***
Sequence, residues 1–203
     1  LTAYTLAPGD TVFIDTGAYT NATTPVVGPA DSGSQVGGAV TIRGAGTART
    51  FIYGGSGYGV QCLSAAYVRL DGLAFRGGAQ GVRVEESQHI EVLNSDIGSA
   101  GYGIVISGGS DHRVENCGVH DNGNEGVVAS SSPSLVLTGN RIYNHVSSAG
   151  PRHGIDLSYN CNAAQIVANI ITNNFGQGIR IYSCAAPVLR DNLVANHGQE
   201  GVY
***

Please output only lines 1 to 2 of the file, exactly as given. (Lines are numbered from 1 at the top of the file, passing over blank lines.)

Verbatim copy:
Sequence, residues 1–203
     1  LTAYTLAPGD TVFIDTGAYT NATTPVVGPA DSGSQVGGAV TIRGAGTART